along with Navi's (and Polaris with an estimate of $4,400 per wafer from around the Polaris launch), we get something like this:

    Obviously Zen2 has a the IO die too and the new mixed node packaging might cost a bit extra too, but not bad.
    As for Navi, it is a lot more expensive than what Polaris launched at, assuming that wafer estimate is anywhere near to being correct - I could only find one place which mentioned it around that time, and that was more TSMC whereas AMD might well have had a better deal from GF (or if they didn't use wafers they'd have to pay anyhow due to the WSA).
    No idea what GDDR6 costs, but compared to Vega the whole card must be far cheaper to produce.
    Interesting, very good (but not unexpected given area) yields for Zen2 if true. I assume the Polaris comparison is using release date yields/cost? Or are they really suggesting that defect density on 14nm *right now*? I know they're likely only ballparking it, but still impressive it true - 7nm is still quite new!

    Quote Originally Posted by Corky34 View Post
    I couldn't find a X570 motherboard thread so I'll post this hear..



    The TLDW version is he tested the power draw of the X570 chipset and found that a PCIe 4.0 NVME drive results in the same power draw as a 3.0 device, even though he was confused by what he discovered i suspect he got caught up in the rumor that its increased power requirement was due to PCIe 4.0 when personally i believe it's actually down to how many devices you hang off it.
    I've just watched that myself. The way I interpreted it, the chipset may be drawing more power because of the PCIe 4 capability and PCIe 4 link to the CPU, not just because of active PCIe 4 links. It would seem there's room for improvement though, e.g. I wonder how much is being properly gated when unused?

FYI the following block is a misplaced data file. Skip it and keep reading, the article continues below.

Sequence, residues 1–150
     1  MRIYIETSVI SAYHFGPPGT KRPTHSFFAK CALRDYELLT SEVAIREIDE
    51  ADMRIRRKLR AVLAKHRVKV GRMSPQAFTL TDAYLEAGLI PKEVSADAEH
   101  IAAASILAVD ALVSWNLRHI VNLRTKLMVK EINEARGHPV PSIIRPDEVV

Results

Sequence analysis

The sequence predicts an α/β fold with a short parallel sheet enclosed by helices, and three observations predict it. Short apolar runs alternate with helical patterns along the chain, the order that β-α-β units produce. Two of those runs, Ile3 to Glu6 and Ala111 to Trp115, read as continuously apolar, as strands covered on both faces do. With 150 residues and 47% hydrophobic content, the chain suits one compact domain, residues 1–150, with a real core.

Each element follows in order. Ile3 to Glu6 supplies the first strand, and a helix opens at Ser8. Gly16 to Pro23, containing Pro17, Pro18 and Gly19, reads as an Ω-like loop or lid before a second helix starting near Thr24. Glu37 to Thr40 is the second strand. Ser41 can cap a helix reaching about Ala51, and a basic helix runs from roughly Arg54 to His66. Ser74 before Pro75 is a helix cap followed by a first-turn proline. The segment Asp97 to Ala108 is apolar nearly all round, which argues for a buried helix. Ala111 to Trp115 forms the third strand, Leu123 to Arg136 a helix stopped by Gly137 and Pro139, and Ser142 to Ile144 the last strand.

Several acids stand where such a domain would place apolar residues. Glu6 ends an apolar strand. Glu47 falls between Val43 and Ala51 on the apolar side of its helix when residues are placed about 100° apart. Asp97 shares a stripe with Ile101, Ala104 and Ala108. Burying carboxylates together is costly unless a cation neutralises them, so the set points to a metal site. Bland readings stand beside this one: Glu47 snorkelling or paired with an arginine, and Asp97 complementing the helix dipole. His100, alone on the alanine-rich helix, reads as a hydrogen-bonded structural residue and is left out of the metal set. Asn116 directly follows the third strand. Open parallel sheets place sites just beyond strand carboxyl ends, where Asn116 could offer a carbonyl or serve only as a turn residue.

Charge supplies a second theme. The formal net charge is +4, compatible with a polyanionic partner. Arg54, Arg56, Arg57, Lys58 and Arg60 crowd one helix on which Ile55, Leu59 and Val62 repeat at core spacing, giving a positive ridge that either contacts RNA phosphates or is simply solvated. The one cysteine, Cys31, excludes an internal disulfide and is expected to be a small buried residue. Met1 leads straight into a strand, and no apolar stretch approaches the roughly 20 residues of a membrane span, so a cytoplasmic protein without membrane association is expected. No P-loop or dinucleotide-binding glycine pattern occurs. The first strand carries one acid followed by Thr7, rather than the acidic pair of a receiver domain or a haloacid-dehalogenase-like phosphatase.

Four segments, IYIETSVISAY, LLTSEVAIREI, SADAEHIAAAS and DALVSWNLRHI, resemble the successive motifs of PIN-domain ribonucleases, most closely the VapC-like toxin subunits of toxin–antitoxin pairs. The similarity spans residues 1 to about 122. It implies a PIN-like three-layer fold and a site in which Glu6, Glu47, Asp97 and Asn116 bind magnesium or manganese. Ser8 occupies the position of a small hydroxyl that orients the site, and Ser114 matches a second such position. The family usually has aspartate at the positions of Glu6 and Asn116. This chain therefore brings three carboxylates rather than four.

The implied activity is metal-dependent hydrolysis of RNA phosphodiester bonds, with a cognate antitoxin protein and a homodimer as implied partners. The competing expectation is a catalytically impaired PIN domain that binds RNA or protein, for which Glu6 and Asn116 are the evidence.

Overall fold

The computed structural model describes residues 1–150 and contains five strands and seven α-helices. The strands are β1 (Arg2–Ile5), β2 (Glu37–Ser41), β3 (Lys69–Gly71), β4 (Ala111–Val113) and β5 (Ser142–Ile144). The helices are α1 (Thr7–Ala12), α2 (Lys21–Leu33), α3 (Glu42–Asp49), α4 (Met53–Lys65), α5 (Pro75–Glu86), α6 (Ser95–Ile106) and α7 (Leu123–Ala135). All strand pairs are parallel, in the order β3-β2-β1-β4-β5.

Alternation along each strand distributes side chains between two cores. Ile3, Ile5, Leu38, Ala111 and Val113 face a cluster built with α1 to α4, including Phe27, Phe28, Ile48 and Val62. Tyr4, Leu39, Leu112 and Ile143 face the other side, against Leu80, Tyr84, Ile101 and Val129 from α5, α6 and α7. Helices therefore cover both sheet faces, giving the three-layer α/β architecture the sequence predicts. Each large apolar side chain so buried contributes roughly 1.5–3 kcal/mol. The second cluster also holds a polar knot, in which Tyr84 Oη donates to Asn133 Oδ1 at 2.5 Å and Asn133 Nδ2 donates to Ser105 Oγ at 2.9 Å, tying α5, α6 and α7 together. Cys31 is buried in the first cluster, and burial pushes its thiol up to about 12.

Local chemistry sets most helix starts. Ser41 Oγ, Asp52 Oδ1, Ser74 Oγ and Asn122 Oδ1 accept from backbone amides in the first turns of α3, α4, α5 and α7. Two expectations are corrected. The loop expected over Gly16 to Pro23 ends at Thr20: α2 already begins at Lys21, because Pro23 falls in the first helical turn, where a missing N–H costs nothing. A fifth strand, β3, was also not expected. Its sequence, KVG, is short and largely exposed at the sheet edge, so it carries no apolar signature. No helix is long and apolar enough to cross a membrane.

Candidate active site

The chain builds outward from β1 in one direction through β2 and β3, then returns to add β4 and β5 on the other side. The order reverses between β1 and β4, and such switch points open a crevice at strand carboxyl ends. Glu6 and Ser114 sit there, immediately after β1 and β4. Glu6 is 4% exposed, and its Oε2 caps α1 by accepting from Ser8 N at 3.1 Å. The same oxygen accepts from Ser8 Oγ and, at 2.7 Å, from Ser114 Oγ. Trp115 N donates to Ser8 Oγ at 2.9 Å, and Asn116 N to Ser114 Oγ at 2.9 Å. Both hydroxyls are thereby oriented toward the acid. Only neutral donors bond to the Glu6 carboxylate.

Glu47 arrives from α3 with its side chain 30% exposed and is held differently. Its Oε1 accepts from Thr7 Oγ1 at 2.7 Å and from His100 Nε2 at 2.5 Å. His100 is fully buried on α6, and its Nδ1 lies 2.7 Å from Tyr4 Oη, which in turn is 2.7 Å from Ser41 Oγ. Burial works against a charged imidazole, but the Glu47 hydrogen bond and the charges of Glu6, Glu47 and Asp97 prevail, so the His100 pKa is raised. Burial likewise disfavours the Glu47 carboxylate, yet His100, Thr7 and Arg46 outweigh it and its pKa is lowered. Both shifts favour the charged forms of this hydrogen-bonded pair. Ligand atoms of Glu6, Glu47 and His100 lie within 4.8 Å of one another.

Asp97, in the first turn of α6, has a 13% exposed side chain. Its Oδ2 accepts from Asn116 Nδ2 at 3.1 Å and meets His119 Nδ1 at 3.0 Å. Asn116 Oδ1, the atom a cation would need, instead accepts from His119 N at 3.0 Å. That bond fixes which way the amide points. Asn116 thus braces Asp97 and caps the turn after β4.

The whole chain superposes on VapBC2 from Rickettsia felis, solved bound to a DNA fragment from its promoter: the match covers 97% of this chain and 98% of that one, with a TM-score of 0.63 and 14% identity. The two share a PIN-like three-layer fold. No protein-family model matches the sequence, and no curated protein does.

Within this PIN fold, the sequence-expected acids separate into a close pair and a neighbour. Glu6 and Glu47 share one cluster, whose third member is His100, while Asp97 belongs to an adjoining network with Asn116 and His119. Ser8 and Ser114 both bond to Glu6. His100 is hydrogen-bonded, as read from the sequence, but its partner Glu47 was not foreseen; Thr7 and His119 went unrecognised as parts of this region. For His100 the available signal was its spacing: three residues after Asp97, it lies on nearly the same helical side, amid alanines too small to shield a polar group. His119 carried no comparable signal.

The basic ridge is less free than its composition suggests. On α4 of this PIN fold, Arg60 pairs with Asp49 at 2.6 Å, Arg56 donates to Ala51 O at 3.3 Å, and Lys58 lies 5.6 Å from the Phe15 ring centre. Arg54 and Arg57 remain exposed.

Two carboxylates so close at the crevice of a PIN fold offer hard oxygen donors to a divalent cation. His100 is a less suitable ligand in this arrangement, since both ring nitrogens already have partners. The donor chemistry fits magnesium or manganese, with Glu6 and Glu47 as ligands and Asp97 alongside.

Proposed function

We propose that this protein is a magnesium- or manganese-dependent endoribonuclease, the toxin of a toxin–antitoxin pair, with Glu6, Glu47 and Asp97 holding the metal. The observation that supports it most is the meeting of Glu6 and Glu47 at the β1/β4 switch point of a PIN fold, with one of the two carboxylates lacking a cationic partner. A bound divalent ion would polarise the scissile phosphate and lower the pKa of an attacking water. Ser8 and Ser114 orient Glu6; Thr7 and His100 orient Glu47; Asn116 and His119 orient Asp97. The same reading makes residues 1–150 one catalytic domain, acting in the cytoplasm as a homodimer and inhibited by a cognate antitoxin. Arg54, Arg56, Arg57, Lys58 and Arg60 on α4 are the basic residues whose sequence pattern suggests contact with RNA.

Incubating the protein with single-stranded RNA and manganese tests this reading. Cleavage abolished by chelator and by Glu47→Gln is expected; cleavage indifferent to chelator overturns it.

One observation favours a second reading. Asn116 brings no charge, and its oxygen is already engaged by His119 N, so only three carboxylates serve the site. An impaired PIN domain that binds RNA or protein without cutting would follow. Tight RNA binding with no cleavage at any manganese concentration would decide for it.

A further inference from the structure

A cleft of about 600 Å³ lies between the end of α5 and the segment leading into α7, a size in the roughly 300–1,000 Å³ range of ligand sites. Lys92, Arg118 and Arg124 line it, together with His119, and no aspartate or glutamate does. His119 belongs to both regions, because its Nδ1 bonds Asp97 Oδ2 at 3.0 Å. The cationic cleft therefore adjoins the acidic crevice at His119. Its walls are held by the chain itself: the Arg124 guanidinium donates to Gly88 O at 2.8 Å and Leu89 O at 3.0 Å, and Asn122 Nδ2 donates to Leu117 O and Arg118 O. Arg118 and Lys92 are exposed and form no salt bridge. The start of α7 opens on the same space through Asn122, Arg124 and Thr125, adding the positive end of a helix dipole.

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    Re: AMD - Zen chitchat

    You mean the increased power draw at idle between the X470 and X570?

    I get what you mean if so but i think that could be down to X570 just supporting more connections, i just tried working out if it did but got totally confused.

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    Re: AMD - Zen chitchat

    Yeah I'm referring to idle draw mostly. Only speculating though.

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    Re: AMD - Zen chitchat

    Quote Originally Posted by Corky34 View Post
    You mean the increased power draw at idle between the X470 and X570?

    I get what you mean if so but i think that could be down to X570 just supporting more connections, i just tried working out if it did but got totally confused.
    I suspect it's just that the x570 die is simply identical to the I/O Die on the Ryzen 3000 Processor - i.e. not optimised for the use as a chipset and a bit of a power hog with the bare minimum turned on to operate as a north/southbridge. I thought it a bit off but for speed to market I guess it makes sense. It's successor will probably be made on a similar process but significantly lower TDP.
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    Re: AMD - Zen chitchat

    Quote Originally Posted by badass View Post
    I suspect it's just that the x570 die is simply identical to the I/O Die on the Ryzen 3000 Processor
    And it's on a slightly less efficient 14nm vs 12nm for the CPU version.